Mame Arcade Machine - Phase 2
Page 1: Mame Arcade Machine - Phase 1
Page 2: Mame Arcade Machine - Phase 2
Control Interface - Keyboard Hack
This is one of the more difficult parts of the Mame Arcade Project. Many people debate how to interface the controls to the PC and decide to plunk down $65usd for a I-Pac or similar device. This basically allows them to hook up the controls quickley and easily. I on the other hand have some electronics experience, I'm not afraid to mess up and I didn't want to spend $100cdn. This project is supposed to be a learning experience, so I decided to try the dreaded keyboard hack. This is where you take a standard PS2 keyboard, open it up, figure it out and connect wires like crazy.
Apparently there are 2 types of PS2 keyboards. The kind with 1 small controller IC and another with a very large, multi chip controller IC. I didn't know this when I started. I opened up a PS2 keybaord and started soldering directly to the metal keyboad pads (see below). In the picture only about 8 are soldered, but before I realized my mistake, 40 were soldered.
The kind you want to use, is the kind with 1 IC. Basically how it works is there are 2 sets of wires. On my IC there was a set of 8 and a set of 14. When you touch 1a with 1b, for example W appears on the screen. If you touch 3a with 11b, M appears on the screen. There is a total of 8x14=112 inputs, but the standard keyboard does not use them all. To do the keyboard hack, you need to painstakingly map every possible combination by hand. My sister gave me a hand, so it didn't take too long. I soldered 8+14=22 wires to the chip.
Hint: After you solder wires, if you're afraid they might break off, use hot glue to keep them in place. Works every time.
On a piece of paper I systematically mapped out the inputs of the keyboard IC by pressing 1a with 1b then 1a, 2b - 1a, 3b...112 times. Pic coming soon. A great peice of software that shows you which key is being pressed is KeyScan v0.9. If you're going to do a keyboard hack, this software makes it easy. If you're in notepad - how are you going to know if the HOME key is pressed?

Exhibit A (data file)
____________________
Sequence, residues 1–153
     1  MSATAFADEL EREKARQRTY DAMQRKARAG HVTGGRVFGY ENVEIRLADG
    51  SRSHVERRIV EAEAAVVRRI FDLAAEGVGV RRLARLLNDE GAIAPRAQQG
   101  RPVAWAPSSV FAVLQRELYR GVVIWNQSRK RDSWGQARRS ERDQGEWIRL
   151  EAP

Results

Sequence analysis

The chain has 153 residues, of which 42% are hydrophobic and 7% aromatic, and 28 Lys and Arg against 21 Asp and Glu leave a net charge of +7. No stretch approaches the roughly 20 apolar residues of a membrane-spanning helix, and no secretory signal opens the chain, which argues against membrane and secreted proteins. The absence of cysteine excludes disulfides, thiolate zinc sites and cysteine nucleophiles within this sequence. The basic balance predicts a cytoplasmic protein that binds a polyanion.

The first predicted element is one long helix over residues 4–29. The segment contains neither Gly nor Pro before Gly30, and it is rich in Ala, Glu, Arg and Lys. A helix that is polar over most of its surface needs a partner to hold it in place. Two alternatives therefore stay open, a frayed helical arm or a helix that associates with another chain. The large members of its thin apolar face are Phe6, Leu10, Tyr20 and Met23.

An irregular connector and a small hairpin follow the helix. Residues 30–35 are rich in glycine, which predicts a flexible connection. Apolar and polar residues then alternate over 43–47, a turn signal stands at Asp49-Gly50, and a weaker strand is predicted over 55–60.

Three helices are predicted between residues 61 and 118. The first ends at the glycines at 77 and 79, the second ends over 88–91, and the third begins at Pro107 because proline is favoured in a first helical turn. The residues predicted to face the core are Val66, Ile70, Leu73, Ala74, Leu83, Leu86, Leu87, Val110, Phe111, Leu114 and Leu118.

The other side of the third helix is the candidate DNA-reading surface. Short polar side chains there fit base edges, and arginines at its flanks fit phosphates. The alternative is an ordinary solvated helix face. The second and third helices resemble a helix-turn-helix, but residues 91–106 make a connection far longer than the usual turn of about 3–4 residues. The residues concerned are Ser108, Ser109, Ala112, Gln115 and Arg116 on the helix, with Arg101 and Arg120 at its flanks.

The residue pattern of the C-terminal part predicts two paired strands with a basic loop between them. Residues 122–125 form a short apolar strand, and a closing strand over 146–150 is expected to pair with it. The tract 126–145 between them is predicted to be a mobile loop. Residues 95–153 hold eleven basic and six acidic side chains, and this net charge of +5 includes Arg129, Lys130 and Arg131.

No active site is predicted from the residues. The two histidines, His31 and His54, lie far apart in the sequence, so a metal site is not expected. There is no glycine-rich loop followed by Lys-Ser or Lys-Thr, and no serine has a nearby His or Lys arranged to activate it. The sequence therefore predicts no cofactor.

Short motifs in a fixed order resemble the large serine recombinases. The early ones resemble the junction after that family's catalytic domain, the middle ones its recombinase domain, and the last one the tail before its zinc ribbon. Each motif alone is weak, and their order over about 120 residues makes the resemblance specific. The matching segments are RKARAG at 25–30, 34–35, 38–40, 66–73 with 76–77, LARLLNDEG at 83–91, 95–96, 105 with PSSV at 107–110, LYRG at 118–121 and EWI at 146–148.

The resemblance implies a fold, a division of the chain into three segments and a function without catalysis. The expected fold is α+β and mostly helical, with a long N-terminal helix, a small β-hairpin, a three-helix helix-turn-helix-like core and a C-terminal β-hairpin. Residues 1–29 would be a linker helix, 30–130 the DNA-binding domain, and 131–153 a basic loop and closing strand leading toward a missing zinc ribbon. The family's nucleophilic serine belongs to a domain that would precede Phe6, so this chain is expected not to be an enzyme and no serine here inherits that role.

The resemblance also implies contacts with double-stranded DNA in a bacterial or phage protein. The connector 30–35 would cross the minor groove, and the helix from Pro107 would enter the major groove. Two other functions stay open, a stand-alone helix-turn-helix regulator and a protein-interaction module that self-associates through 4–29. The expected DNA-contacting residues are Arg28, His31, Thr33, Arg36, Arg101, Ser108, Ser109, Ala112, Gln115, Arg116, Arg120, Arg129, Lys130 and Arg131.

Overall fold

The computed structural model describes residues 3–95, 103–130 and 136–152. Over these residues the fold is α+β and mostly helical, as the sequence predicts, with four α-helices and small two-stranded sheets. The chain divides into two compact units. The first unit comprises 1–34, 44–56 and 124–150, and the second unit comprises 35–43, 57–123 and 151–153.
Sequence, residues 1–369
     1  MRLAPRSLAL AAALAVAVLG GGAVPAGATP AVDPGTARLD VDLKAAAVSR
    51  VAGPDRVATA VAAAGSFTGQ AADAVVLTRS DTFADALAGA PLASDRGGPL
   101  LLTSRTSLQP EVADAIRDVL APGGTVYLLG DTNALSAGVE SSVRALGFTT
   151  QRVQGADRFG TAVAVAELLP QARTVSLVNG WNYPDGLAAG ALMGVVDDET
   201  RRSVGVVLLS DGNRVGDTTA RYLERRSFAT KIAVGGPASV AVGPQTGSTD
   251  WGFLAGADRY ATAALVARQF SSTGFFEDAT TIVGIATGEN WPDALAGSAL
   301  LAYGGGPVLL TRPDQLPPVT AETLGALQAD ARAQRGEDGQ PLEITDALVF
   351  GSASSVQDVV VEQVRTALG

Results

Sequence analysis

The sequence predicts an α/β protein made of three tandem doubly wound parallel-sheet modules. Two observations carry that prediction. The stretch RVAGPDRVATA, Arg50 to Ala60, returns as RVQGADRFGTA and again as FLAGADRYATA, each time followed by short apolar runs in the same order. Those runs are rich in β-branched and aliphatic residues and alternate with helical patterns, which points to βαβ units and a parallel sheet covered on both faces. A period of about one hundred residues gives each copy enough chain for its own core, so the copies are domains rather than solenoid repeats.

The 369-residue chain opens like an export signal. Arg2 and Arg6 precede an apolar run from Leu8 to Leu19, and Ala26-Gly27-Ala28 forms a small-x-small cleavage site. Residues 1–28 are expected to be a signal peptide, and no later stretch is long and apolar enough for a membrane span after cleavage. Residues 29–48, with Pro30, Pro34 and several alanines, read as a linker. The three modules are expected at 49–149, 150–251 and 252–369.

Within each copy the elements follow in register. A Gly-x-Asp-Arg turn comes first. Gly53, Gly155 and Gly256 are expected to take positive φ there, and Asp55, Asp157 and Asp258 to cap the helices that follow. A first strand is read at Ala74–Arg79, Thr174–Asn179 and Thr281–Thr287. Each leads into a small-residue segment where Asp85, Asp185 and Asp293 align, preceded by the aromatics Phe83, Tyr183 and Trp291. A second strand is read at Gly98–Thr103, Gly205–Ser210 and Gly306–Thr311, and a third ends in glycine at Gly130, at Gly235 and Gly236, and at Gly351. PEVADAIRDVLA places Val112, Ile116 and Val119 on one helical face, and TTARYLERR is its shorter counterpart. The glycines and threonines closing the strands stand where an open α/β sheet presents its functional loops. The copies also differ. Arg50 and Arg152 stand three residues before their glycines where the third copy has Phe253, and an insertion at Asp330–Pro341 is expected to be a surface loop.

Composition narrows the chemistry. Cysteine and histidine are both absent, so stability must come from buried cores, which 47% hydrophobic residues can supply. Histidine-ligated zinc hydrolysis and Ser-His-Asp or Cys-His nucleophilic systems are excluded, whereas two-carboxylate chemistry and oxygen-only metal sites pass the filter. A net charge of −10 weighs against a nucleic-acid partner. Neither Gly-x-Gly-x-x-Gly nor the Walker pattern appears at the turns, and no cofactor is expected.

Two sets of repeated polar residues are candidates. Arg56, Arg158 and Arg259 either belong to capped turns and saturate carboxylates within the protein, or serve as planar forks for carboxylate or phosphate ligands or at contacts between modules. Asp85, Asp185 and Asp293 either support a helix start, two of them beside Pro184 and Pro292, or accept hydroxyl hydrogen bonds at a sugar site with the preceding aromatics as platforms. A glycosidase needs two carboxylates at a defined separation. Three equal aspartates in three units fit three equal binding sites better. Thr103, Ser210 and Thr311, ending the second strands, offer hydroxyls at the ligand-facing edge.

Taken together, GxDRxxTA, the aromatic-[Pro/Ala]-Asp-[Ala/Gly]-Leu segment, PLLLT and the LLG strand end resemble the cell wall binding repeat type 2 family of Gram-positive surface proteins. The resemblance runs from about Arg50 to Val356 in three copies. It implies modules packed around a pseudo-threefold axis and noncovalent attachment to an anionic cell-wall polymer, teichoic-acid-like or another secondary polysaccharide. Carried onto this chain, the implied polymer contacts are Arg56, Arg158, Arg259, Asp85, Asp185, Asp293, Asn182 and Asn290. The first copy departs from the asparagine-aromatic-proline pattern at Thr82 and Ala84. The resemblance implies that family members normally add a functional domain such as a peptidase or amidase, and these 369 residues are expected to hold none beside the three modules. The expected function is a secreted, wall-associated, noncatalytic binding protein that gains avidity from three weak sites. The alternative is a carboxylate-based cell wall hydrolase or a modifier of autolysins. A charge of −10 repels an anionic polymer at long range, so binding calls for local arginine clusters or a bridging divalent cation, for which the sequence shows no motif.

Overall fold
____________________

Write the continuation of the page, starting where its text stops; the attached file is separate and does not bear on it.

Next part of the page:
Next, you need to keep all of the wires organized. For a mame cabinet, you're going to have 4 directions for each joystick (8 wires / joystick), 6 buttons per player (12 wires / player) and a bunch of control buttons like Escape, Enter, Tab, F3 (reset), P (pause), Coin1 and Coin2, 2 wires each for both of those. In all, I had about 75 wires to deal with. With that many wires, you need a system to keep them organised. I found some screw clamps about bought 6 of them (50c ea) and glued them to a cardboard box. Using the keyboard map I created earlier, I attached 1 wire from the keyboard IC to each wire clamp. So, if I wanted the Esc button, I would wire 1 side of the swithch to 3a and the other side to 5b. Despite it's messy appearance, it works quite well and is fairly well organized. Without some sort of organization - you wouldn't be able to do it at all.
Organization is key in doing a keyboard hack. Clamps 1-8(A) are numbered on the bottom and 1-14(B) are labelled on the top.
I knew that I would have to replace the control panel to suit my needs. The control panel in place had 2 bad joysticks and only 3 buttons / player. I cut a piece of metal at school to replace it, filed it down to size and drilled 14 1&1-1/8" holes with a wood space bit =) using a neighbour's drill press. I drilled right through the aluminum and it turned out pretty well.
This is a prototype control panel I made out of wood. Very cheap wood that's wet tends to fall apart =) but the control panel turned out alright and it's the same design used for the final aluminum version.
I had ordered some miscelanous buttons and joystick through ebay and I'm currently trying to assemble 2 descent joysticks to use. Thanks to Joff Brown, the man who bought my Space Invaders - I now have all of the buttons I need.
The cabinet was a working SF2 cabinet when I bought it. He had an identical cabinet with a blown monitor that I wasn't interested in because of the dead monitor. About a month after having my cabinet, the Electrohome GO7's flyback transformer (most dangerous part of the monitor) blew. There was a great deal of smell and smoke. What's left is a flyback with black stuff oozing out the side (see below).
|Busted Flyback transformer on 19" Electrohome GO7 arcade monitor.|